Evan Kulman, a broker for the real estate firm Compass, was not surprised when the Amagansett luxury home that he listed for sale on the first of August sold in a swift six weeks — nearly four times as fast as similar homes were selling a year ago.
The new owner snapped up the Long Island property — a 4,043-square-foot, five-bedroom home with two acres — for slightly more than $4 million, about 7 percent under the asking price, to use as a second home year-round, Mr. Kulman said.
Why the quick turnaround? “The architecture,” he said. “My buyer loved the wow factor this house exudes: walls of glass and lots of natural light.”
Generally speaking, buying an upscale property to use as a getaway has traditionally been viewed as a lifestyle investment. Stocks and bonds cannot give you the same satisfaction as a heated saltwater pool with a waterfall, surrounded by mahogany decking, and Amagansett ocean breezes.
While owning residential real estate is typically part of a diversified investment portfolio, what is different in the last year or two is the role the uncertain economy is playing in making purchasing decisions.
High-end residential buyers still want a good deal, as they always have, and, of course, a property that will eventually have capital appreciation, or will generate rental income, said Kathleen Peddicord, the founder of the Live and Invest Overseas publishing group.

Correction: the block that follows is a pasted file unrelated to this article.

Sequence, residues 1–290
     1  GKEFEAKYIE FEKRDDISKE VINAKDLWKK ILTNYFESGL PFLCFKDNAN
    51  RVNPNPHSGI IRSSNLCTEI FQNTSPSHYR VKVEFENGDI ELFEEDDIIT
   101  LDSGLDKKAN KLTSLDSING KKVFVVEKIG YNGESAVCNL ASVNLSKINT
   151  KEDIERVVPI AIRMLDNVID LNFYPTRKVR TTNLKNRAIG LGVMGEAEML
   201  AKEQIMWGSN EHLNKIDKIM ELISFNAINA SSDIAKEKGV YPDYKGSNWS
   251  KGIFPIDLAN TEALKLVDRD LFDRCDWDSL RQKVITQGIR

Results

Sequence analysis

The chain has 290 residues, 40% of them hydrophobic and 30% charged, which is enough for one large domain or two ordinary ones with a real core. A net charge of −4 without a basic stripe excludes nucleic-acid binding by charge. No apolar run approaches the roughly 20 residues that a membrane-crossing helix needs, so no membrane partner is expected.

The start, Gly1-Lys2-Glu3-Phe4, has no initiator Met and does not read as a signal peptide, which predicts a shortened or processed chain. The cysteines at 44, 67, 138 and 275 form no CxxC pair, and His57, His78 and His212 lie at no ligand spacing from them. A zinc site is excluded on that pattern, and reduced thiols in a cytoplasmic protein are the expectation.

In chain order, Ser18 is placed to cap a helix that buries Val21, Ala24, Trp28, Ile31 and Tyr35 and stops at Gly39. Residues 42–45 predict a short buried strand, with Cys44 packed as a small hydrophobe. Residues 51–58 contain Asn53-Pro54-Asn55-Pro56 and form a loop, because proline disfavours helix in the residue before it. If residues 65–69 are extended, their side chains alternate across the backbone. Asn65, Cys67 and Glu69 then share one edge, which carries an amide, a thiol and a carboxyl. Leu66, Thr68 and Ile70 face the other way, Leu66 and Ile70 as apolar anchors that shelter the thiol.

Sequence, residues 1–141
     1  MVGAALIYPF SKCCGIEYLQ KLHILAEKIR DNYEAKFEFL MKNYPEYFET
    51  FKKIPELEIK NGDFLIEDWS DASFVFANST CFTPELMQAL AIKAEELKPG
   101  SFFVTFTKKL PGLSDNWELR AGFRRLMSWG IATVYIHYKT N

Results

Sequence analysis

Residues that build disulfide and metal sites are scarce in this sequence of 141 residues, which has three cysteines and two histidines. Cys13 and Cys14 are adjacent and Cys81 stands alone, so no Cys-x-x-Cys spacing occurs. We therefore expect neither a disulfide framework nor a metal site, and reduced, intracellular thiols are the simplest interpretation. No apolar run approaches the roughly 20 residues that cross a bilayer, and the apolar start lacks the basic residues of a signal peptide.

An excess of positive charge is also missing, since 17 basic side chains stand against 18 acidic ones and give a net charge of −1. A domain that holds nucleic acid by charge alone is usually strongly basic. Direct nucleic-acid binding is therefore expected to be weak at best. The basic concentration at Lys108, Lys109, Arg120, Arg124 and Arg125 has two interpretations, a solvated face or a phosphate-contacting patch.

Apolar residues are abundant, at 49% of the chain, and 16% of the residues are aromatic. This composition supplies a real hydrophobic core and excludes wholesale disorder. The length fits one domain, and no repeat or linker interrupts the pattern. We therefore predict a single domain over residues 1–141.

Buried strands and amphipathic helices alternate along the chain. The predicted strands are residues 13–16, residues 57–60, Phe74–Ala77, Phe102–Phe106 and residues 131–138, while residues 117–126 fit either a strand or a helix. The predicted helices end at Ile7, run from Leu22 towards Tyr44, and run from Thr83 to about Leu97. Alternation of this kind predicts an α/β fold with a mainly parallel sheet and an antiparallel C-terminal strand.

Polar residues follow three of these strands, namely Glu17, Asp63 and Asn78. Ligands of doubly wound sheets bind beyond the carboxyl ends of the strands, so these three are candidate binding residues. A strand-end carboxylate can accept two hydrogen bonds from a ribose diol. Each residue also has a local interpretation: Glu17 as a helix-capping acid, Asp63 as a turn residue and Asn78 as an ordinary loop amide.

“But once they have found what they want, there’s more urgency,” Ms. Peddicord said. “In the past year, they’ve been quicker to pull the trigger on a purchase once they’ve identified such an opportunity.”
Many high-net-worth investors are plunking cash in a second or third high-end residence as a safety net, stemming from concern about a wide range of economic and political factors. These include the possibility of rising interest rates in the United States, China’s slowdown, low oil prices, conflicts in the Middle East and the reality that equities have been lethargic and bonds have floundered in a bear market.
“People feel more comfortable investing in things they can see and touch and feel, that’s the tangible nature of real estate,” said Michael Sonnenfeldt, founder and chairman of Tiger 21, a network of over 440 members who collectively manage more than $40 billion worth of personal investable assets.
“That’s why our members are pulling in on some of their private equity and fixed-income exposure, rolling up their shirt sleeves and getting involved in tangible assets that they buy with cash,” Mr. Sonnenfeldt said. “Fewer people, though, think of it as a pure investment vehicle. They want the security.”
And they are not just buying United States properties in upscale urban real estate markets like New York and Miami, and vacation spots such as the Hamptons, Jackson Hole, Wyo., and Nantucket, in Massachusetts. “I believe the interest among high-end property buyers in overseas markets is greater than ever right now,” Ms. Peddicord said.
“People with money are keen to diversify it beyond the U.S. stock market in particular,” she said. “A vacation or second or third home in a sunny Shangri-La is an increasingly appealing option. It’s a hard asset that doubles as a lifestyle enhancement and that cushions the buyer from any shocks U.S. markets may be in for.”